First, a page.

7. Andrade Mdos S, Fleury AM, de Lira CA, Dubas JP, da Silva AC: Profile of isokinetic eccentric-to-concentric strength ratios of shoulder rotator muscles in elite female team handball players. J Sports Sci. 2010, 28: 743-749.

    Article  PubMed  Google Scholar 

  8. Fleury AM, Silva AC, de Castro PA, Ejnisman B, Lira CA, Andrade MS: Isokinetic muscle assessment after treatment of pectoralis major muscle rupture using surgical or non-surgical procedures. Clinics (Sao Paulo). 2011, 66: 313-320.

    Article  Google Scholar 

  9. Shelbourne KD, Nitz P: Accelerated rehabilitation after anterior cruciate ligament reconstruction. J Orthop Sports Ther. 1992, 15: 256-264.

    Article  CAS  Google Scholar 

  10. Shelbourne KD, Klootwyk TE, DeCarlo MS: Update on accelerated rehabilitation after anterior cruciate ligament reconstruction. J Orthop Sports Phys Ther. 1992, 15: 303-308.

    Article  CAS  PubMed  Google Scholar 

  11. Pässler HH, Shelbourne KD: Biological, biomechanical and clinical approchaes to the follow-up treatment of ligament surgery in the knee. Sports Exerc Injury. 1995, 1: 83-95.

    Google Scholar 

  12. Astrand P-O, Ekblom B, Messin R, Saltin B, Stenberg J: Intra-arterial blood pressure during exercise with different muscle groups. J Appl Physiol. 1965, 20: 253-256.

    Google Scholar 

  13. Bryant DS, Goss FL, Robertson RJ, Metz KF, Feingold DS: Physiological responses to maximal treadmill and handweighted exercise. Res Q Exerc Sports. 1993, 64: 300-304.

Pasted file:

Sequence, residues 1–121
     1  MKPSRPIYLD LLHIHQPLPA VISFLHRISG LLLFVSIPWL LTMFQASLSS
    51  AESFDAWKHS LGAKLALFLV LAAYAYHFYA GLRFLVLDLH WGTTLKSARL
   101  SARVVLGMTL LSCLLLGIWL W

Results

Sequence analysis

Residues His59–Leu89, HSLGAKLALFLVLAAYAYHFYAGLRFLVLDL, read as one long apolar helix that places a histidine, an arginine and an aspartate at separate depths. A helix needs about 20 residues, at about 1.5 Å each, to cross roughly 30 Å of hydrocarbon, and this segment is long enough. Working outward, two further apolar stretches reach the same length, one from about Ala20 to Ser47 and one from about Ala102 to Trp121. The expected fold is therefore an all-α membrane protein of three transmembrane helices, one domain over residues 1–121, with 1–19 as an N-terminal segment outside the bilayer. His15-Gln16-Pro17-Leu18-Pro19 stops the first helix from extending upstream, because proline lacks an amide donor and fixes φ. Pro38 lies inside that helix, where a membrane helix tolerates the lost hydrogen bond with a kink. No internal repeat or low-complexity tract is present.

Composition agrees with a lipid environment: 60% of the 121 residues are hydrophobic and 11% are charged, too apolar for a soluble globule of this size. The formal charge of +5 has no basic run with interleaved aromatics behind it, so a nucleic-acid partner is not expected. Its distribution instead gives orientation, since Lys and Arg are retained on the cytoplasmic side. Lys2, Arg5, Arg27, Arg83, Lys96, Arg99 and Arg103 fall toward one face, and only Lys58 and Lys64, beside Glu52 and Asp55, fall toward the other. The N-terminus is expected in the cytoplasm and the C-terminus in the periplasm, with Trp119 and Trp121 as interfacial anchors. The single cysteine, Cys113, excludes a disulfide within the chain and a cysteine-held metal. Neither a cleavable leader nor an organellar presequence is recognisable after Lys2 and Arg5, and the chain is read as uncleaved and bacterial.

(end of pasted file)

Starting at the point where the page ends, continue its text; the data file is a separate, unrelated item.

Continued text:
Article  CAS  Google Scholar 

  14. Aminoff T: Prediction of acceptable physical work loads based on responses to prolonged arm and leg exercise. Ergomonics. 1998, 41: 109-120.

    Article  CAS  Google Scholar 

  15. Davies CTM, Sargeant AJ: Physiological responses to one- and two- leg exercise breathing air and 45% oxygen. J Appl Physiol. 1974, 36: 142-148.

    CAS  PubMed  Google Scholar 

  16. Silva AC, Russo AK, Piçarro IC, Schmidt B, Gabbai A, Oliveira AS, Tarasantchi J: Cardiorespiratory responses to exercise in patients with spinal muscular atrophy and limb-girdle dystrophy. Braz J Med Biol Res. 1987, 20: 565-568.

    CAS  PubMed  Google Scholar 

  17. Noordzij M, Tripepi G, Dekker FW, Zoccali C, Tanck MW, Jager KJ: Sample size calculations: basic principles and common pitfalls. Nephrol Dial Transplant. 2010, 25: 1388-1393.

    Article  PubMed  Google Scholar 

  18. Barros Neto TL, Russo AK, Silva AC, Piçarro IC, Tarasantchi J, Tálamo E, Freire E: Ventilatory responses to one leg and two legs exercise. Braz J Med Biol Res. 1982, 15: 223-

    Google Scholar